with a thermometer, so that its temperature may definitely be known.

If this temperature should rise 20 deg.F. on a hot day, a correction of

20 deg.F. should be added to the pyrometer reading, and so on. In the

most up-to-date installations, this cold junction compensation is

taken care of automatically, a fact which indicates its importance.

Optical pyrometers are often used where it is impracticable to

use the thermo-couple, either because the temperature is so high

that it would destroy the couple, or the heat to be measured is

inaccessible to the couple of ordinary length. The temperatures of

slag or metal in furnaces or running through tap-holes or troughs

are often measured with optical pyrometers.

In one type of optical pyrometer, the observer focuses it on the

metal or slag and moves an adjustable dial or gage so as to get

an exact comparison between the color of the heat measured with

the calor of a lamp or screen in the pyrometer itself. This, of

course, requires practice, and judgment, and brings in the personal

equation. With care, however, very reliable temperature measurements

may be made. The temperatures of rails, as they leave the finishing

pass of a rolling mill, are measured in this way.

Another type of optical pyrometer is focused on the body, the

temperature of which is to be measured. The rays converge in the

telescope on metal cells, heating them, and thereby generating a

small electric current, the voltage of which is read an a calibrated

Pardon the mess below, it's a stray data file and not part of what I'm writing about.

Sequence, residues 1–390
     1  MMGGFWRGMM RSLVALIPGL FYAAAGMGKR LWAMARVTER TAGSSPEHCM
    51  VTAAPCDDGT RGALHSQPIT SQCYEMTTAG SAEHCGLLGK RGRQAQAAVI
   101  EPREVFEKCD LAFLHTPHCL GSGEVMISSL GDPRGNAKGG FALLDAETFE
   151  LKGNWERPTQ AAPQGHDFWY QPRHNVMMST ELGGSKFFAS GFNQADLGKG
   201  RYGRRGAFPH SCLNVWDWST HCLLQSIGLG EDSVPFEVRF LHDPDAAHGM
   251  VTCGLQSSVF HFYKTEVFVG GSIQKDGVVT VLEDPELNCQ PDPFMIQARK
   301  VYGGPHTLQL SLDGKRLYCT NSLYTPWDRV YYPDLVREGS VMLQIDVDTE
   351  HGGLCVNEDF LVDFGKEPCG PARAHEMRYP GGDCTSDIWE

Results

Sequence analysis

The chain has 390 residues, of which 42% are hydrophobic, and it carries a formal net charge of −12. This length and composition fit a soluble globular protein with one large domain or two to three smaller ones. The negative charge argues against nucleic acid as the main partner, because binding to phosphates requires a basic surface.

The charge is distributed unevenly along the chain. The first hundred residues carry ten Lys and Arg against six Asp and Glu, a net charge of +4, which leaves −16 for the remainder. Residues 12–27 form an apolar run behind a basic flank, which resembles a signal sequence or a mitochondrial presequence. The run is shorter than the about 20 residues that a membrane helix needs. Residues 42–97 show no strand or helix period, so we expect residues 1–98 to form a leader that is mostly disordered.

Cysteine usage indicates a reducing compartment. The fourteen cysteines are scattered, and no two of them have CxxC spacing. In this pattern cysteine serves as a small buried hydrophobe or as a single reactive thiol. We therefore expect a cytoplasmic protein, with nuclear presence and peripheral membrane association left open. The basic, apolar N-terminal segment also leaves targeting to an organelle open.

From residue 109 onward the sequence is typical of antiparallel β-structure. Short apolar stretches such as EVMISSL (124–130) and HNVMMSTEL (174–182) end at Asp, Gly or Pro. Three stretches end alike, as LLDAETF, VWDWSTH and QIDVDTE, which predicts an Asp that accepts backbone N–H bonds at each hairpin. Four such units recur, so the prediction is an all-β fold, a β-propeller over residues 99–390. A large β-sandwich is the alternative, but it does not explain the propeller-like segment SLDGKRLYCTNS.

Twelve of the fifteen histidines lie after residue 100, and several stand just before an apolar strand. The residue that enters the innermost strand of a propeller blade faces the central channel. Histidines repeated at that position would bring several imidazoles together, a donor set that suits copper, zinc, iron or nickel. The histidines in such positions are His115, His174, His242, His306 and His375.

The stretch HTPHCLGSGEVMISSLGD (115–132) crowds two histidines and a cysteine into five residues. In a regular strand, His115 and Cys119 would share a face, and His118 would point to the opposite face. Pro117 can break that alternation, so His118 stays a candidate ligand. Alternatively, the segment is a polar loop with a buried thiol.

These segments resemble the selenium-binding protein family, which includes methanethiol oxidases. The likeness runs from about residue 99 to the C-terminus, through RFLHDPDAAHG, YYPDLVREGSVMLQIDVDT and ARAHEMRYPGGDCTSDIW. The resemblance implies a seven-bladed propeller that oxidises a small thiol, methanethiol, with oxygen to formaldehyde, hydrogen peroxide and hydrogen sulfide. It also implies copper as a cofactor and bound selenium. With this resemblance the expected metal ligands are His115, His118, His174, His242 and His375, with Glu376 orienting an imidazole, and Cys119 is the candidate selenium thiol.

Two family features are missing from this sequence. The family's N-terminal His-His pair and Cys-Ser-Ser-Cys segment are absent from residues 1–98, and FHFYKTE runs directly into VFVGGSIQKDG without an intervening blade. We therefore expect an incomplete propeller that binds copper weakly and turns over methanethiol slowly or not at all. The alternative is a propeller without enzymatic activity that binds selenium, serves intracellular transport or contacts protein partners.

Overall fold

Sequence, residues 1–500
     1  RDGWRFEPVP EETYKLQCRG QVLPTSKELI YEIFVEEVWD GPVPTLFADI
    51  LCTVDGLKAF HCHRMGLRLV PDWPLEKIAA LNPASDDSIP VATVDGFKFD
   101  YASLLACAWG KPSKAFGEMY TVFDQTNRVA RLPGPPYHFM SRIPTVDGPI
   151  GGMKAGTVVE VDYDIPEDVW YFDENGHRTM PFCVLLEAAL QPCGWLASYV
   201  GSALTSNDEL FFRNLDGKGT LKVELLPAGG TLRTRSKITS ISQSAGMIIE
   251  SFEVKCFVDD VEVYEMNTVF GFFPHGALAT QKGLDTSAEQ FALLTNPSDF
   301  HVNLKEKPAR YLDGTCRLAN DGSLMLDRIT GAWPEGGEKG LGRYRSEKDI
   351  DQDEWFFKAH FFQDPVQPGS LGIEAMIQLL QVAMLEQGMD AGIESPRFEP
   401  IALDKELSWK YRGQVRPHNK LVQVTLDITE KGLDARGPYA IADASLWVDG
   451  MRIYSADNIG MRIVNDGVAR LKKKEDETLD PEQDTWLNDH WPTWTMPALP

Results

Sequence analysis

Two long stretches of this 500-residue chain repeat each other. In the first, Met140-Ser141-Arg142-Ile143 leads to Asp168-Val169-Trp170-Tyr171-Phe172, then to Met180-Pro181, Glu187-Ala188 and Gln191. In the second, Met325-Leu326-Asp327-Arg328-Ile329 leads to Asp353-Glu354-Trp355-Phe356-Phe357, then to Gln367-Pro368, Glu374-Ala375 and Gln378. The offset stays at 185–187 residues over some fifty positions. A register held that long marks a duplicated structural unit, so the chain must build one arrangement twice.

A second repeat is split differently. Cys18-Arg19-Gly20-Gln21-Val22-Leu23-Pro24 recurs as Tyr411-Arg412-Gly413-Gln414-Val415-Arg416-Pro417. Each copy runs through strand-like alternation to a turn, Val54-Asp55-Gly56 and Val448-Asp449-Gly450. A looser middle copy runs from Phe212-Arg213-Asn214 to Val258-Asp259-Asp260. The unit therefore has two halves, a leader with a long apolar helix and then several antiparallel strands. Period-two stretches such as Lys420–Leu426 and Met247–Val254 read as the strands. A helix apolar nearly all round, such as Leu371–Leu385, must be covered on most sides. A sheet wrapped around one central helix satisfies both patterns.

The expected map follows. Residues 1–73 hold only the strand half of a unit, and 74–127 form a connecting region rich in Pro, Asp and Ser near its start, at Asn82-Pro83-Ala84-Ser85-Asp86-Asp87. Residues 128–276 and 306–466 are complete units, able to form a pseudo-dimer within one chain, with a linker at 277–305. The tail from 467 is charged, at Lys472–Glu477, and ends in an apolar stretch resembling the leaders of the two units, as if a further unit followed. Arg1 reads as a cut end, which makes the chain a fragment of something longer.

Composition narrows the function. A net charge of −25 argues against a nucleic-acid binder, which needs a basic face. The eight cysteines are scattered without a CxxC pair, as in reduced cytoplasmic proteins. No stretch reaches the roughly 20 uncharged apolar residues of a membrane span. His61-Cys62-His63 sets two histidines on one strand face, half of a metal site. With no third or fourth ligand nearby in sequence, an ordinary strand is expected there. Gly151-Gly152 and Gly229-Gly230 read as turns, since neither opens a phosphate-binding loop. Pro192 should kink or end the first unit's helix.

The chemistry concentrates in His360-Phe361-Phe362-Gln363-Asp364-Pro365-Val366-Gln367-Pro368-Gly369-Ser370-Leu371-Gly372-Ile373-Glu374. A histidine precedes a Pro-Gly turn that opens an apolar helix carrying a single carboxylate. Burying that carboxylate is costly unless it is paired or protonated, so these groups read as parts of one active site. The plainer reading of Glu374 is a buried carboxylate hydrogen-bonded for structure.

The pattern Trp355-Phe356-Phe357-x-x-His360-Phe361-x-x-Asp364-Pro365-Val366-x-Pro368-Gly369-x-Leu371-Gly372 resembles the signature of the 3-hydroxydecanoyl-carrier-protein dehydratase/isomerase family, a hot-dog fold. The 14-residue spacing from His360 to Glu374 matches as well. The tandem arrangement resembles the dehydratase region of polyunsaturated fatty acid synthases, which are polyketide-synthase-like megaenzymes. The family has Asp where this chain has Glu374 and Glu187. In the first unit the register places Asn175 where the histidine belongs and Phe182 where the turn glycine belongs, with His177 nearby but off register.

voltmeter similar to that used with the thermo-couple. The best

precision is obtained when an optical pyrometer is used each time

under similar conditions of light and the same observer.

Where it is impracticable to use either thermo-couples or optical

pyrometers, sentinels may be used. There are small cones or cylinders

made of salts or other substances of known melting points and covering

a wide range of temperatures.

If six of these sentinels, melting respectively at 1,300 deg., 1,350 deg.,

1,400 deg., 1,450 deg., 1,500 deg., and 1,550 deg.F., were placed in a row in a

furnace, together with a piece of steel to be treated, and the

whole heated up uniformly, the sentinels would melt one by one and

the observer, by watching them through an opening in the furnace,

could tell when his furnace is at say 1,500 deg. or between 1,500 deg. and

1,550 deg., and regulate the heat accordingly.

A very accurate type of pyrometer, but one not so commonly used as

those previously described, is the resistance pyrometer. In this

type, the temperature is determined by measuring the resistance to an

electric current of a wire which is at the heat to be measured. This

wire is usually of platinum, wound around a quartz tube, the whole

being placed in the furnace. When the wire is at the temperature of

the furnace, it is connected by wires with a Wheatstone Bridge, a

delicate device for measuring electrical resistance, and an electric

current is passed through the wire. This current is balanced by

switching in resistances in the Wheatstone Bridge, until a delicate

electrical device shows that no current is flowing. The resistance

of the platinum wire at the heat to be measured is thus determined

on the Bridge, and the temperature read off on a calibration

chart, which shows the resistance at various temperatures.

These are the common methods used to-day for measuring temperatures,

but whatever method is used, the observer should bear in mind that

the greatest precision is obtained, and hence the highest efficiency,

by keeping the apparatus in good working order, making sure that

conditions are the same each time, and calibrating or checking

against a standard at regular intervals.